The human body needs zinc to function properly but its required levels of the mineral are quite low and chronic (“clinical”). Zinc deficiency is rare in both humans and animals. Due to this a pair of researchers at the Technical University of Munich were unsatisfied with the current state of zinc deficiency research. Observing that most studies only compared clinical zinc deficiency with normal intake in animals, they sought to see if any impact could be seen from less severe (“subclinical”) reductions. What they found is that even if normal symptoms of zinc deficiency aren’t present, lesser reductions of the mineral can cause a slowing effect on the pancreas and digestion.
Observing that most studies only compared clinical zinc deficiency with normal intake in animals, they sought to see if any impact could be seen from less severe (“subclinical”) reductions.
What they found is that even if normal symptoms of zinc deficiency aren’t present, lesser reductions of the mineral can cause a slowing effect on the pancreas and digestion.
Munich Zinc Study: Summary
- The study subjects were 48 piglets that had recently been weaned and were all given and adequate zinc supply for two weeks prior to the start of the study
- The animals were divided into eight groups of six piglets each, with each group getting the same type of feed except for the zinc levels
- Over the eight day study period (enough to produce clinical deficiency symptoms), pancreas activity, blood zinc levels, liver activity, and food digestibility were monitored
- It was observed that even without showing symptoms of clinical deficiency, the piglets getting reduced zinc levels were experiencing impacts on their metabolism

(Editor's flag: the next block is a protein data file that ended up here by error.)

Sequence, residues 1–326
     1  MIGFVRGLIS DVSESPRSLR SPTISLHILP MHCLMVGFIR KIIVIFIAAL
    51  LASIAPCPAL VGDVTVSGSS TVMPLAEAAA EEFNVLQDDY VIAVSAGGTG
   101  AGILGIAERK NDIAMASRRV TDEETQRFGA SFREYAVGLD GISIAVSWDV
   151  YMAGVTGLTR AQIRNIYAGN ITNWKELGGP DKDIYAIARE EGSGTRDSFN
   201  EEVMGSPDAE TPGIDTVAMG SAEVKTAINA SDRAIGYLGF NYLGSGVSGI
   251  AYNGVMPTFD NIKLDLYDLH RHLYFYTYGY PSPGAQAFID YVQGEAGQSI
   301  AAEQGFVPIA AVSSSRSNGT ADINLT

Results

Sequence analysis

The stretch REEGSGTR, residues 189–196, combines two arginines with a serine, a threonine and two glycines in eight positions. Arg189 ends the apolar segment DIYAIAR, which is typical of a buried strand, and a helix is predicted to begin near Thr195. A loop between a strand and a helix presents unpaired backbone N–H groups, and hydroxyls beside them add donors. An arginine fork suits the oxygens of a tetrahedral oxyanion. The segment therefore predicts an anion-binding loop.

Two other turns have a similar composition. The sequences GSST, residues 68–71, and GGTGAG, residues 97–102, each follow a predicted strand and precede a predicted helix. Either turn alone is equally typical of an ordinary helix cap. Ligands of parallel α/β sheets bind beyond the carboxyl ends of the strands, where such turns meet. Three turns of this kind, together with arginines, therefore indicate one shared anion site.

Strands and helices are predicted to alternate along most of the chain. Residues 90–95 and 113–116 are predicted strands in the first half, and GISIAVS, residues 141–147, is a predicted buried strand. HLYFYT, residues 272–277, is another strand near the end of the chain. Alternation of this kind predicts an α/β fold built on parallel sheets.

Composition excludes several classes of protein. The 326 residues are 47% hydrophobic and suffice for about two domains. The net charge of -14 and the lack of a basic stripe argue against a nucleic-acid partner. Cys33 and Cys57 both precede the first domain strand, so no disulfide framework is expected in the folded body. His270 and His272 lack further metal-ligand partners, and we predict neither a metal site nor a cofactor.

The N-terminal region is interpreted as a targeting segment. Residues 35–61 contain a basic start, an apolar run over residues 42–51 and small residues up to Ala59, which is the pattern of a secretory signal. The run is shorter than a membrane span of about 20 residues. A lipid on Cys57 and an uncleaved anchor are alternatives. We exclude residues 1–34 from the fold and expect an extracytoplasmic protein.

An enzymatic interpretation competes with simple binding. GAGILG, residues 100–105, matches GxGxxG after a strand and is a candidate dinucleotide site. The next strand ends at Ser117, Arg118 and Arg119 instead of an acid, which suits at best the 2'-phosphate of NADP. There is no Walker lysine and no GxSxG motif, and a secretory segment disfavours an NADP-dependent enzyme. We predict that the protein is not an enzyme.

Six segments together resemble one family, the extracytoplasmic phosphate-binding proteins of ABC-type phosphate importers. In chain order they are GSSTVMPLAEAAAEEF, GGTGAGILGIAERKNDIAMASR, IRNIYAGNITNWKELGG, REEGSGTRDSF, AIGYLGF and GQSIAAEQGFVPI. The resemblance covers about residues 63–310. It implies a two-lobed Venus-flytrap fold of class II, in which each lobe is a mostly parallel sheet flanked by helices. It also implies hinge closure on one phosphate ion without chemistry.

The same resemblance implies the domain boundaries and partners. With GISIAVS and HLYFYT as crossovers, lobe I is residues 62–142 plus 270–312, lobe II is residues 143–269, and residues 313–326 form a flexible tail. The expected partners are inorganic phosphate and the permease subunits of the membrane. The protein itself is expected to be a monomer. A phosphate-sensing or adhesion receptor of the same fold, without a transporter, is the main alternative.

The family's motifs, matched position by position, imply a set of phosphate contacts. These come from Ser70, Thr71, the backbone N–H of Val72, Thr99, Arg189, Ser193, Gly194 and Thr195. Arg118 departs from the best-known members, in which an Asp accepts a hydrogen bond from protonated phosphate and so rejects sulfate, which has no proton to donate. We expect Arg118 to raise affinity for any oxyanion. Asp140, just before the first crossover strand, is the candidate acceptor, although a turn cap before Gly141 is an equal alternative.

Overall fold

- Specifically, the efficiency of zinc absorption was increasing but the pancreas was also releasing less zinc during digestion, and this was correlated with lower digestive enzymes being released
- Reduced digestibility was also observed, also before clinical deficiency symptoms appeared
What This Means
At the risk of oversimplification, these findings make sense. The body only needs a small amount of zinc, so even low levels of deficiency could produce noticeable effects. As zinc supplies dwindle, the body tries to absorb more and also tries to hold on to its current stores. The pancreas, which normally releases zinc during digestion, therefore doesn’t excrete as much zinc as normal and the release of other digestive enzymes is lowered as a result. This causes slower digestion and therefore less digestibility of feed.
It is worth keeping in mind that this is an animal study and one that was conducted by researchers in animal nutrition, so the findings (and significance of affecting digestibility in general) are more relevant to livestock than humans. Although pigs are similar to humans, they are still a different species so it is unclear whether subclinical zinc deficiencies would have the same type of effect on humans. Of specific note is that only pancreatic activity and digestibility were monitored during the study—any potential impact on nutrition, weight, bowel health, or any other health effects are outside the constraints of the study.
- Lesser forms of zinc deficiency may slow digestion and pancreatic excretions in pigs, but other than a possible avenue of research there is no translatable meaning in these findings for humans
- The above point is not a criticism of the study, simply an observation
Brugger, D., et. al., “Subclinical zinc deficiency impairs pancreatic digestive enzyme activitiy and digestive capacity of weaned piglets,” British Journal of Nutrition, 2016; http://orcid.org/0000-0001-7267-0335
“A diet lacking in zinc is detrimental to human and animal health,” Technical University of Munich web site, June 6, 2016; https://www.tum.de/en/about-tum/news/press-releases/short/article/33155/, last accessed June 10, 2016.